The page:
Once a country girl, always a country girl…

Macha is from Co Armagh and is now living in Co Down. She says, “I am easily distracted by nature’s handiwork; I notice all of the loveliness that most people don’t see. Power walking pains me; I need time to pause and appreciate beauty as I find it.” Weeds are flowers too, once you get to know them. A.A. Milne.

I grew up on a small farm, surrounded by hedgerows & down a long winding lane. I didn’t really understand or appreciate it then, but my family was part of a rural jigsaw, where most people could be connected somehow.

After twenty years of urban life I am back home in the countryside.

I say home, but it’s actually over an hours drive from my birthplace and we have no relatives in the area. I am a blow in. Yet, for the first time in a long time, I feel a powerful sense of belonging.

I had become accustomed to and comfortable with relative anonymity. In the city we never got to know our neighbours and I can’t say I particularly minded. Our social connections were with work colleagues or friends, meeting in town for dinner and drinks. Trips were made back home to catch up with family.

The sense of belonging that I feel now, I didn’t expect. Maybe I had forgotten what it felt like. It was a shock to be noticed, talked about and welcomed, after melting into the crowd for so long,

For the first time in my adult life, I feel part of a community. Homemade welcome gifts were left on our doorstop or delivered in person. On our first day working in the garden, plenty of folk I didn’t know waved as they drove past or stopped to introduce themselves. Invitations have been forthcoming and accepted. I love that there is little reticence; people are open and straightforward.

Research by the Department of Agriculture, Environment and Rural Affairs shows that people living in the countryside rate their happiness and life satisfaction as higher and their anxiety levels as lower vs those who live in urban areas.

However, although people living in the countryside tend to live longer, one obvious drawback is that there can be a significant delay in receiving medical attention in an emergency.

There are other downsides to rural life. I was lucky enough to get a job locally, but my husband has a fifty minute daily commute morning and evening. Life would feel very different and possibly quite isolated if we were less mobile and didn’t drive.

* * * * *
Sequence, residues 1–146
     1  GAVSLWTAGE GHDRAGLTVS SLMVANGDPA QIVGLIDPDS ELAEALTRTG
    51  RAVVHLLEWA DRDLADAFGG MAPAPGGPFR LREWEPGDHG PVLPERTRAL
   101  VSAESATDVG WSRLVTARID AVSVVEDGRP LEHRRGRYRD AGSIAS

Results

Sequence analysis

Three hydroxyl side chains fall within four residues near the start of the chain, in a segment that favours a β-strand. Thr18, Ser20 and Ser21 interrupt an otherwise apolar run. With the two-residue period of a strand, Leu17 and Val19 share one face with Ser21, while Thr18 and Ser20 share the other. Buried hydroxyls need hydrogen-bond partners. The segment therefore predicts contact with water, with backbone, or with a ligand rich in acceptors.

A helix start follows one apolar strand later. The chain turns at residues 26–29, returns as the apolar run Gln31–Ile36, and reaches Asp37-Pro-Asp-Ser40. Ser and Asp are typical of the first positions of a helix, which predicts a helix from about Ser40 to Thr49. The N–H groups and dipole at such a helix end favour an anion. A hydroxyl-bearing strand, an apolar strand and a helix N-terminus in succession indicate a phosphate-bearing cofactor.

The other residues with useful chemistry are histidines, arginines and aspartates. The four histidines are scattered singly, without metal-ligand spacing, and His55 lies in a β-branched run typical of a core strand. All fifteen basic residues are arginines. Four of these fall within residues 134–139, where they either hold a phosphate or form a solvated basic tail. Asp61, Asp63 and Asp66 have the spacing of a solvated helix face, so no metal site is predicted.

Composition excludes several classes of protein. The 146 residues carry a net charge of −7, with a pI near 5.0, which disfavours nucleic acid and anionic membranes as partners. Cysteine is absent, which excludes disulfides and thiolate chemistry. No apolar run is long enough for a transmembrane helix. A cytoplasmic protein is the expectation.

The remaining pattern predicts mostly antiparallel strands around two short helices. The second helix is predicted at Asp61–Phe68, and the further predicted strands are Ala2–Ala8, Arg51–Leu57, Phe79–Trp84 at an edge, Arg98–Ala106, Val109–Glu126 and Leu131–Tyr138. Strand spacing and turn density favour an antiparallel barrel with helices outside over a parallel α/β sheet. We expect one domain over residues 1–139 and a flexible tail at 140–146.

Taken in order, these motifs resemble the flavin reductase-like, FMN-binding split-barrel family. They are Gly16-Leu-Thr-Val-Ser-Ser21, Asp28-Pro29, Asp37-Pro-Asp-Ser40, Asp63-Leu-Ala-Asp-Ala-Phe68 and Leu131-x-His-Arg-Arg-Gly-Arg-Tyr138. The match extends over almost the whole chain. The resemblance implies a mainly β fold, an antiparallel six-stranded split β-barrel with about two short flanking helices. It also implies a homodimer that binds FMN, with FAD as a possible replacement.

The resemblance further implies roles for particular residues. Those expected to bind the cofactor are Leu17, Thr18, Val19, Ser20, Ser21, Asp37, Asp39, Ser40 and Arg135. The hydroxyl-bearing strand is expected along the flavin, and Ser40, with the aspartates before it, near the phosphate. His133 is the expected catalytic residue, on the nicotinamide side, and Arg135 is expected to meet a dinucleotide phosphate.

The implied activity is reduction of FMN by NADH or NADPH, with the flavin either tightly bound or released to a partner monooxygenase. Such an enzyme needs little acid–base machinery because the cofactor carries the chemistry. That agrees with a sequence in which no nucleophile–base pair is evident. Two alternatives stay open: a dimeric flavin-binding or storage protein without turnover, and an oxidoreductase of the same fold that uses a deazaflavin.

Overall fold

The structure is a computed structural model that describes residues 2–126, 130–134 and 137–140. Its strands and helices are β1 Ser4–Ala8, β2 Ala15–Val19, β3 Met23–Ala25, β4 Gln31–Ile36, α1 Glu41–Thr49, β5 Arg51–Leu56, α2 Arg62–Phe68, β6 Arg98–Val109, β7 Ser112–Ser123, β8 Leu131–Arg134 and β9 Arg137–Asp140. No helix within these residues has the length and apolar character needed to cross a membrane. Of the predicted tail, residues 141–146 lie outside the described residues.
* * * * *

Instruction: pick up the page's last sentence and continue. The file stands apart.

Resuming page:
The local roads are pitted with potholes and my car is very disgruntled from the abuse it faces on a daily basis. She failed her MOT for the first time recently, due to a crack in a relatively new front tyre.

Little treats like a trip to the Queen’s Film Theatre will probably be much less frequent; it will be interesting to see how often I make the effort to go into Belfast. My gentrification in the city has resulted in a hipster coffee habit, luckily I am only a 15 minute drive from an excellent flat white, should the notion take me.

I’m thankful that I listened to my heart as I increasingly had been feeling a kind of depression descend when I drove home to what felt like a concrete jungle, after time spent in wide open spaces. It’s scary how the years can melt away in circumstances that don’t make us particularly happy. The process of making the move wasn’t easy; it felt fortuitous one moment and torturous the next. However, now it’s happened life feels very different and I wonder why it took us quite so long.

While driving to work & stuck behind a tractor, I have to pinch myself. I couldn’t be happier to have made it back t  o where my heart always was – in a world filled with fields, muck and single track roads.

All photos are my own.

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